Grizzly Bear Grabs a Huge Bull Elk While It Tries to Escape Across a River

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Written by Sharon Parry

Updated: November 10, 2023

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Brown bear in water
© David Rasmus/

It’s all very well catching an elk in the middle of a river – but it leaves you with the problem of getting it onto dry land! In the fascinating clip below, we get to see a large grizzly bear pursuing a bull elk into the water. We learn that the grizzly chased the bear into the Yellowstone River from some grazing meadows. It took about half an hour for the grizzly to direct the huge carcass onto the bank. Hopefully, it then had time to enjoy its meal.

What Do Grizzly Bears Normally Eat?

Despite the impressive hunting skills of the grizzly bear, most of their diet is made up of vegetation. As omnivores, they can digest both plant and animal material. They have a very wide diet that can include anything from marine mammals to plant roots.

In terms of plants, you will see grizzlies eating pine seeds, berries, flowers, and nuts. When it comes to animal protein, this is provided by insects, moths, fish, and mammals.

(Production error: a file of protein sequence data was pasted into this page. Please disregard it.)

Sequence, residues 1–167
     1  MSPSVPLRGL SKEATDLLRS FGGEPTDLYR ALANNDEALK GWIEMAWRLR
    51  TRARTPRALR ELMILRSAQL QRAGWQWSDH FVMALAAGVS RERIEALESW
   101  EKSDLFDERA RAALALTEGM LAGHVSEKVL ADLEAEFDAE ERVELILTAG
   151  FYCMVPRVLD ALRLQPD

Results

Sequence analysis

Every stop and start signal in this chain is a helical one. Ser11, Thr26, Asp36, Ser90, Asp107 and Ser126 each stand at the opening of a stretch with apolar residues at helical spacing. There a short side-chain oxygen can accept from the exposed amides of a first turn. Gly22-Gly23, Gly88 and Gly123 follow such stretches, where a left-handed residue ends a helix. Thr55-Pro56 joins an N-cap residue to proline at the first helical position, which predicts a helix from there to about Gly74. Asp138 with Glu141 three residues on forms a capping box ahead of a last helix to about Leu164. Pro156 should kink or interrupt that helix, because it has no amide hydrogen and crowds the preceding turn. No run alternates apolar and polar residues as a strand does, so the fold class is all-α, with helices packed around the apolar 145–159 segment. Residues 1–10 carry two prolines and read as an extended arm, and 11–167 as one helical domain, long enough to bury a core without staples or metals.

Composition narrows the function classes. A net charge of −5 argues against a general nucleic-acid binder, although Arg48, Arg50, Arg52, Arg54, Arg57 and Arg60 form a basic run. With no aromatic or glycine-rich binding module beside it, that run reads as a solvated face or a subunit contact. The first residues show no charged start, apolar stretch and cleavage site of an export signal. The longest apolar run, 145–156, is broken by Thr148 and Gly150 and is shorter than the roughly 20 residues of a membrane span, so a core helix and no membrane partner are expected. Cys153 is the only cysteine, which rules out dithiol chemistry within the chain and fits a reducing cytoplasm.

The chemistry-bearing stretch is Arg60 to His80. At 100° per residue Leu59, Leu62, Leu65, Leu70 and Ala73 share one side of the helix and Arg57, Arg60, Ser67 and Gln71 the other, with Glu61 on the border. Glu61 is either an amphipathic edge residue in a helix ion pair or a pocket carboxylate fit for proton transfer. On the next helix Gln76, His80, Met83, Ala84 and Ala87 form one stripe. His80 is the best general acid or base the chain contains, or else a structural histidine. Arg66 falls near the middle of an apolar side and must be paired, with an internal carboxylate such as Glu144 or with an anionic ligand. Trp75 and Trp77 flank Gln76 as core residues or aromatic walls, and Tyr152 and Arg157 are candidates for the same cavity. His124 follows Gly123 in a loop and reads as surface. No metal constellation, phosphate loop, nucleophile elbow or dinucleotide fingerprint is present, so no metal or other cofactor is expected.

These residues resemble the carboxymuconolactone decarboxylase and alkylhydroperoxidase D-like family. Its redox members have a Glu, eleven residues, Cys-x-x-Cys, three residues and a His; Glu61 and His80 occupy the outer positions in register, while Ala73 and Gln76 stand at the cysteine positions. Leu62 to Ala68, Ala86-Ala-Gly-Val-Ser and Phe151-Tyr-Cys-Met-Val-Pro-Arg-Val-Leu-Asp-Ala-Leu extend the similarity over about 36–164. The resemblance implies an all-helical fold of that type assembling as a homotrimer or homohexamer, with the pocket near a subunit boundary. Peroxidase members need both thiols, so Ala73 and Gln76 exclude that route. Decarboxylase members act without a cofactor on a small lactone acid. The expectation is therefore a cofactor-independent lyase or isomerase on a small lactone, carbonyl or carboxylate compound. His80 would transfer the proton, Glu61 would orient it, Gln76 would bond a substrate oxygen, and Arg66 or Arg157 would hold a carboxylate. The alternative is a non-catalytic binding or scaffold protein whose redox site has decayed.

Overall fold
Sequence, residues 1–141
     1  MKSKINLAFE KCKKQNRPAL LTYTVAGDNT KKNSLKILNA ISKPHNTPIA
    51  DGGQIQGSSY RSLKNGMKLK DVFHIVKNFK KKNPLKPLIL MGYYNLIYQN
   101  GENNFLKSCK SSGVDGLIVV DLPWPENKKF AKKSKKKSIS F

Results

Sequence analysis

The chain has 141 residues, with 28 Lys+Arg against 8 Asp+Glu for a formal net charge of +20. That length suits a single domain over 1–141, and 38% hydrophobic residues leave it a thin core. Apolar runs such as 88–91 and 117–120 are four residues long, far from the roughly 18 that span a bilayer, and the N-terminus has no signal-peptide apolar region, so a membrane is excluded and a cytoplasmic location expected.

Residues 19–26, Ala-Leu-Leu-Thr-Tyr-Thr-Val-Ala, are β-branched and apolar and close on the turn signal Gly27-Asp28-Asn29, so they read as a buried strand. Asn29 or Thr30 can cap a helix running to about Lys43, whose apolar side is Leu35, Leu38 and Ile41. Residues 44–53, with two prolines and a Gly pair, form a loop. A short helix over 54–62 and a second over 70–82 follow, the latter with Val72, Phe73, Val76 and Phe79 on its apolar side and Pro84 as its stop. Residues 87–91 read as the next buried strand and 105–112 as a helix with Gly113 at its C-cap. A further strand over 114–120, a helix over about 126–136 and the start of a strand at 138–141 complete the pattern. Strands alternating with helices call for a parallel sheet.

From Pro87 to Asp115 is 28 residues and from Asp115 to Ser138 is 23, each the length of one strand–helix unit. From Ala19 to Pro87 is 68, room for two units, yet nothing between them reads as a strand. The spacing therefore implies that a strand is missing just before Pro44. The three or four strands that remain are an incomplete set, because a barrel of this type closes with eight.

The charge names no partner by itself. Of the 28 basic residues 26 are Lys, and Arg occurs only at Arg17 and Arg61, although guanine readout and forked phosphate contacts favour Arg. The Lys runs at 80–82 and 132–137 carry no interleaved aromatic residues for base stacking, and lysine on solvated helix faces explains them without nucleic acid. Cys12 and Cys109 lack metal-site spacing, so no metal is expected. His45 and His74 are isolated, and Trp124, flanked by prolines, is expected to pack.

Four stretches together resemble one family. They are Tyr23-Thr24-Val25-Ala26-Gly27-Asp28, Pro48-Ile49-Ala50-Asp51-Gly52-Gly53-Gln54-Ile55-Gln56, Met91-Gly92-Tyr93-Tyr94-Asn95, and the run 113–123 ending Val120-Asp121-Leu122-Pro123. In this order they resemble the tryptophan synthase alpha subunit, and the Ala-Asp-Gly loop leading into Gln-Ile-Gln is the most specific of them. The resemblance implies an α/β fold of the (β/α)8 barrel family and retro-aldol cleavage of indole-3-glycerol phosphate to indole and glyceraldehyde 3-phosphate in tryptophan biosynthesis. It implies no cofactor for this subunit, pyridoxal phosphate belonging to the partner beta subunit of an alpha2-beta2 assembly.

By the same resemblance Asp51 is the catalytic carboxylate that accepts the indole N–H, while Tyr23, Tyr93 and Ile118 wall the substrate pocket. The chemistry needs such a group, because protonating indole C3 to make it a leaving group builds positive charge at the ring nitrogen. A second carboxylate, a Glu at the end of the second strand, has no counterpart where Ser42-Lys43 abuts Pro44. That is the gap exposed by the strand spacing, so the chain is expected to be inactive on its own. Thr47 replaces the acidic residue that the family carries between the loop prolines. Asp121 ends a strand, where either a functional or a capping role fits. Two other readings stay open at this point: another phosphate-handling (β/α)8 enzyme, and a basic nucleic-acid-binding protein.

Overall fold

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Their diet varies according to the time of year and the specific region that they are living in. In Yellowstone where this clip was captured, grizzlies do hunt mature male elk. They have perfected the skills to catch them but only the larger and more skilled grizzlies can bring down such a powerful herbivore.  Other grizzlies would target elk calves which are much easier to catch.

Tule Elk bull standing in the windy California Grizzly Island marshland

Some grizzlies can hunt adult elks.


Is It Normal for Grizzlies to Hunt in Water?

Grizzly bears are surprisingly comfortable in water for such a large animal. They are willing to enter the water to hunt and have excellent swimming skills. However, they cannot swim for very long distances and soon get tired. When they are swimming, they use their paws to propel themselves forward – it looks a bit like a doggy paddle.

Most of the time, they hunt fish from the shallow parts of rivers. Grizzly bear cubs do not enter the water until they are heavier and can do it safely. Smaller cubs are in danger of getting swept away by strong currents. The fat content of the bear’s body and the oil on their coats helps them to stay afloat. They travel at walking speed and get out of the water as soon as they can. It took this bear quite a long time to get back onto the land because it was dragging such a huge elk with it!

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About the Author

Dr Sharon Parry is a writer at A-Z animals where her primary focus is on dogs, animal behavior, and research. Sharon holds a PhD from Leeds University, UK which she earned in 1998 and has been working as a science writer for the last 15 years. A resident of Wales, UK, Sharon loves taking care of her spaniel named Dexter and hiking around coastlines and mountains.

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